Vietnam may have to slow tourism flow

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HANOI, 16 March 2018: Establishing viable conservation measures to ensure World Heritage Halong Bay can cope with the fast expansion of tourism is now the major challenge.

The bay’s popularity with international tourists will ultimately put considerably pressure on the World Heritage site, officials warned, 12 March, during a one-day forum with media and tourism officials.

Sustainable tourism development at Vietnam’s world natural heritage sites was the focus of the forum hosted in Hanoi, the Vietnamese capital. 

The event was one of just many activities under the guidance of the Halong Bay – Cat Ba Alliance (HLCBA) Initiative, launched by the International Union for Conservation of Nature (IUCN).

Addressing the event, IUCN acting country director in Vietnam, Jake Brunner, said tourism development helped to preserve and promote the cultural heritage values and natural resources, which in turn boosted nation’s economic development.

But participants warned that world heritage sites could be plagued with ‘overtourism’ that would ultimately degrade natural and cultural attractions.

“The overdevelopment of tourism in several coastal provinces results in numerous negative impacts, particularly in the nearby and buffer zones of nature reserves and world heritage sites,” the country director warned.

The audience made up of media representatives, tourism managers, experts, and international organisations identified the impacts of tourism development on the environment and the ecosystem in the Halong – Cat Ba site. The focus was on recommending measures for sustainable tourism development in the area.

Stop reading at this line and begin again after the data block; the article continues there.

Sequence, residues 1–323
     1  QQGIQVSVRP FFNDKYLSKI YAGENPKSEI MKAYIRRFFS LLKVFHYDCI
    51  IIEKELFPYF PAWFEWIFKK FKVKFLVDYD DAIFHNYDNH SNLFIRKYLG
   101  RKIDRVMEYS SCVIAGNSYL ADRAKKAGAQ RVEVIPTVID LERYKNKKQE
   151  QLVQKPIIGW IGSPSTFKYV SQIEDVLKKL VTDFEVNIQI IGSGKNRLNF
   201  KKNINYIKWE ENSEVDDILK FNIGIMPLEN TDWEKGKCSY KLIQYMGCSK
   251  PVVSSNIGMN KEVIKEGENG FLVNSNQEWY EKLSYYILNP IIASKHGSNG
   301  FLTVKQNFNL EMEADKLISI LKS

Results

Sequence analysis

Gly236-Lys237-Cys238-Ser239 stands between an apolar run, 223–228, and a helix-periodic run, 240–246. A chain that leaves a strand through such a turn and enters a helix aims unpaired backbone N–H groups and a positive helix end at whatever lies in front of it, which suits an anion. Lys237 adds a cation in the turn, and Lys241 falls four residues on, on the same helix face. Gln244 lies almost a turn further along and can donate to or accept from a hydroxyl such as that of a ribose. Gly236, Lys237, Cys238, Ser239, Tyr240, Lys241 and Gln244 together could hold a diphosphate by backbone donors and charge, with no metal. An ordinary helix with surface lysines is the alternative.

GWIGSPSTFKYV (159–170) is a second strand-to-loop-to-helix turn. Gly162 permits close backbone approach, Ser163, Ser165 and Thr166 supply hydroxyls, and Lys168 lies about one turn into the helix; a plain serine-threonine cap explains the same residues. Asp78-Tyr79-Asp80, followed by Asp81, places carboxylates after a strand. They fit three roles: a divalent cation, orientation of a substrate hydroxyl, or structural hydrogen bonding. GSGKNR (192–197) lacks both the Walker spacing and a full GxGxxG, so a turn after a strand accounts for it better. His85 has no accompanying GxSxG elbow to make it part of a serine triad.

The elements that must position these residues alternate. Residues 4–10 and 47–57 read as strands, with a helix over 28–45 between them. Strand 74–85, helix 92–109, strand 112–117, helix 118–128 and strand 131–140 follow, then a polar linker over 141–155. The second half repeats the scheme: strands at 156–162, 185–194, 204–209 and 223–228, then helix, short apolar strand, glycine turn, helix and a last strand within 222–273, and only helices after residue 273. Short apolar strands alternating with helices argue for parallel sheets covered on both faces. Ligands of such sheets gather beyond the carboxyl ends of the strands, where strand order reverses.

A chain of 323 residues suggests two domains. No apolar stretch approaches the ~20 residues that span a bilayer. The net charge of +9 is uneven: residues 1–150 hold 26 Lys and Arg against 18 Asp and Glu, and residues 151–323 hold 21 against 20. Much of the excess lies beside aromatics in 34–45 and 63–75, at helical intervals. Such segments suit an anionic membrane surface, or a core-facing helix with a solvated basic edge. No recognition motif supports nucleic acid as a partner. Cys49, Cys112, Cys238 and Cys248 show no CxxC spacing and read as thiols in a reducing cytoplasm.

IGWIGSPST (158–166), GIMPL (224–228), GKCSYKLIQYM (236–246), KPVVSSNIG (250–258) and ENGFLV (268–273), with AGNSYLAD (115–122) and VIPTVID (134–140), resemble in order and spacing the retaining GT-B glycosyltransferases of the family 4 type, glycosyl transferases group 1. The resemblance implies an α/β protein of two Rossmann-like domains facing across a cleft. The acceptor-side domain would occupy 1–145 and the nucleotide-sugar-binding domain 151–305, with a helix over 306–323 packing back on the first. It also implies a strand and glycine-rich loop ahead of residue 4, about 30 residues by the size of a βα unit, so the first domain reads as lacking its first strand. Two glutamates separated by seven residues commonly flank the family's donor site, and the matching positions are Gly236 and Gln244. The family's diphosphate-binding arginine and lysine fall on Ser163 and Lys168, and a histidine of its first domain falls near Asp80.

Halong Bay is the host destination for the ASEAN Tourism Forum in mid-January 2019, when around 300 international travel buyers and 500 travel content suppliers and hotels from the 10 member countries of ASEAN will meet.

Halong has a wide variety of star-rated hotels, an impressive convention and exhibition centre and by January 2019 it will open its own airport. These are facilities that suggest the bay is fast expanding to meet tourism demand.

During the event, breakout groups discussed issues related to tourism development in Vietnam’s heritage sites, covering planning on infrastructure and services; treatment of wastewater, managing cruise ships; and preserving nature and biodiversity.

Experts and representatives from international organisations highlighted the initiatives and experience in sustainable tourism of Vietnam and other nations.

They also proposed solutions to sustainable tourism development in the natural heritage sites, with a focus on developing  action plans and research on carrying capacity for each of the World Heritage destinations to set the parameters to control tourism flow.

It may mean additional travel taxes to reduce visits, and stringent environmental rules for boats on Halong bay to ensure all waste and garbage returns to port for treatment and recycling.

Destination management will become a priority that is linked to how infrastructure is developed or restricted to control the tourism flow.

Vietnam is targeting 17 to 20 million international visitors by 2020 and 80 million domestic travellers.